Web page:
Resin USB Drive




Introduction: Resin USB Drive

About: Hi. I'm Ellen, PhD student by day and sewer/crafter/maker by night. I believe anyone can be a maker, so I post videos on YouTube about what I make and how I make it to offer some help. I believe that if you...

I had a couple of old USB drives lying around and decided to free them from their cases and give them a new life. Seeing the circuit boards made me think it was a shame to cover them up, so I decided to cast the USB drives in resin. This protects the circuit board without hiding it, giving a very cool look.

I had never cast epoxy before, so it was a bit of trial and error, but I figured it out in the end. I really like how they turned out. The epoxy is super clear and I love how they light up when they're in use!

What you'll need:

- old USB drives with the casing removed

- something to use as a mould

- epoxy resin

- digital scales

- gloves

- sandpaper up to 800 grit

- spray lacquer

- super glue (to fill any gaps)

- exacto knife (to trim the edges)

Step 1: Make a Mould

I dug around the house for something I could use as a mould and ended up with this plastic case for spare knife blades. I cut it up and glued two pieces together to close the bottom.

Step 2: Prepare the Mould for Casting

Most articles I read about casting resin in plastic moulds recommend using a special mould release spray, but I also came across a few other options. For my first try, I used pure petroleum jelly and a top coat of hairspray inside the mould.

Step 3: Mix and Pour the Resin

I'm using a clear epoxy resin, which needs to be mixed in a 2 to 1 ratio. After a good stir, I poured it into the mould and placed the USB drive inside. I used some clay to keep it from touching the bottom.

Step 4: Wait...

The drying time is supposed to be 24 hours, but it was still liquid the next day. Epoxy relies on the heat it generates to help it cure, so maybe the amount I'm using is simply too small. I set the mould on top of our room heater to see if that helped and the next day the resin had cured.

Step 5: Take It Out of the Mould

Popping the piece out of the mould was surprisingly easy. After removing the bottom I pushed a thin exacto blade between the mould and resin to allow some air in and then I could simply pull it out.

It looked really nice, but there were quite a few small air bubbles on the outside that had clung to the mould. There's also one side that didn't fill up completely. So for my second attempt I made the mould upside down, so the opening would be bigger. I used polymer clay to close it up around the USB drive.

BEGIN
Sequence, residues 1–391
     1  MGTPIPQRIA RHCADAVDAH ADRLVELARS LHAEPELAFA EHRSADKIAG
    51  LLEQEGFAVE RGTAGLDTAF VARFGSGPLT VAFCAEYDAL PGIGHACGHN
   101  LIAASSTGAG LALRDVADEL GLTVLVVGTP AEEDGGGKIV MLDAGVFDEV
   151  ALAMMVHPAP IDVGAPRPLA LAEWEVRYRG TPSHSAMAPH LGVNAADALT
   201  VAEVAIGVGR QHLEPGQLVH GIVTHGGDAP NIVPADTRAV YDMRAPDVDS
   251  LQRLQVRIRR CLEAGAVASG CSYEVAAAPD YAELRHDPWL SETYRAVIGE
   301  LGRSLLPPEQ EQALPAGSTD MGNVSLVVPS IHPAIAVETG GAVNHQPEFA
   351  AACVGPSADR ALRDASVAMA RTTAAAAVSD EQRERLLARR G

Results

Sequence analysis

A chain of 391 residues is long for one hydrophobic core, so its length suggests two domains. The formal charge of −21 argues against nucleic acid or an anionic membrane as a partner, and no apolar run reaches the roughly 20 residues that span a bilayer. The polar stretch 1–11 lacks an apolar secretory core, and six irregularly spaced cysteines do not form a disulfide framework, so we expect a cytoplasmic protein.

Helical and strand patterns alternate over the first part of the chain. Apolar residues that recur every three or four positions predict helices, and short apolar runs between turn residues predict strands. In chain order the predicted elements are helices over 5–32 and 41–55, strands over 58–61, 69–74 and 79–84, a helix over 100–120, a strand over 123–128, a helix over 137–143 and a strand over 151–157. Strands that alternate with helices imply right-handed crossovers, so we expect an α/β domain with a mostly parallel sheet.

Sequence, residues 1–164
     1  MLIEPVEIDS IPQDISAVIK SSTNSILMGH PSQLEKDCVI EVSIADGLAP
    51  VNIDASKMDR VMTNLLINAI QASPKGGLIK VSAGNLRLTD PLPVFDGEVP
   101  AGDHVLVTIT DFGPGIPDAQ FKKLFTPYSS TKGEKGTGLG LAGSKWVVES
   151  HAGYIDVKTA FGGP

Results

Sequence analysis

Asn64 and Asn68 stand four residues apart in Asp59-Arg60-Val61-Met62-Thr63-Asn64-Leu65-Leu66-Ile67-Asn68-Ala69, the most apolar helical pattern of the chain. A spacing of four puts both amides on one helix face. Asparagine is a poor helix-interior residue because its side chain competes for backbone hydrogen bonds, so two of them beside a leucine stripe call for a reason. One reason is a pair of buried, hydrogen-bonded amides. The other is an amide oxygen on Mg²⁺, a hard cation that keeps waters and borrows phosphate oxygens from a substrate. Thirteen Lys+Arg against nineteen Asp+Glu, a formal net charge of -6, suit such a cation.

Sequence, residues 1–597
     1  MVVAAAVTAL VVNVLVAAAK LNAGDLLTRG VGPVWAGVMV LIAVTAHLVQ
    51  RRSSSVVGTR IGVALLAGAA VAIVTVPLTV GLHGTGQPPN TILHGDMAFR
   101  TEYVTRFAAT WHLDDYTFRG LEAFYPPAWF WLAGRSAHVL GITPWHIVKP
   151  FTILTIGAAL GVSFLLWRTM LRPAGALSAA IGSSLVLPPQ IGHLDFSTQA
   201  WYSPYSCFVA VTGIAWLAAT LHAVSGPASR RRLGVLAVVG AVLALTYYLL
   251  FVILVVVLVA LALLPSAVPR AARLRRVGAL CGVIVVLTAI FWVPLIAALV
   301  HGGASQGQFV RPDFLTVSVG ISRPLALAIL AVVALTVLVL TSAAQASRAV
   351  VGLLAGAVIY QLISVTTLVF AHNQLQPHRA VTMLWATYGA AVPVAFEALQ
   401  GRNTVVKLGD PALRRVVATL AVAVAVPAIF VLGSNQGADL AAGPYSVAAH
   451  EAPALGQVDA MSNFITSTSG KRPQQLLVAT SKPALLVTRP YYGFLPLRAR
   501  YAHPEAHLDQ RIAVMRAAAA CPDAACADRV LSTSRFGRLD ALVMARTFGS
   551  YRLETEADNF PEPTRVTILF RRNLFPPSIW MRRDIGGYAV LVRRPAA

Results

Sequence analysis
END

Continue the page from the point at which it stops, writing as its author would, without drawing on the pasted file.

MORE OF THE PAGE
I mixed up a new batch of resin and poured it in. I also added a bit more resin to the first one, to try and fill that hole.

This time I also used a small torch to get the air bubbles out. This was a bit tricky, since I didn't want to melt the mould. I also burned the clay a bit. But there were some big bubbles coming out, so it seemed to work.

I didn't use anything as a mould release this time. It was harder to remove from the mould, but still came out fine. No real difference in air bubbles though. The upside down mould may have worked against me there, trapping air below the USB drive.

Step 6: Superglue to the Rescue

There was a significant dip in the second casting where the resin was pulled towards the mould walls. A taller mould could have prevented that. Anyway, I can't really mix such a tiny bit of resin, so I tried filling the gap with superglue. That worked very well. You can see the transition line, but it's not very noticeable.

Step 7: Finishing: Sanding and Lacquer

To remove those air bubbles on the surface I worked my way through the sandpaper grits.

I went up to 800 grit, which made the surface feel very smooth. Once I dried them off though, they're not as clear anymore. So to finish them, I added a coat of spray lacquer.

And that's it. I love how these came out and had a lot of fun using resin to upcycle my old USB drives.



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    22 Discussions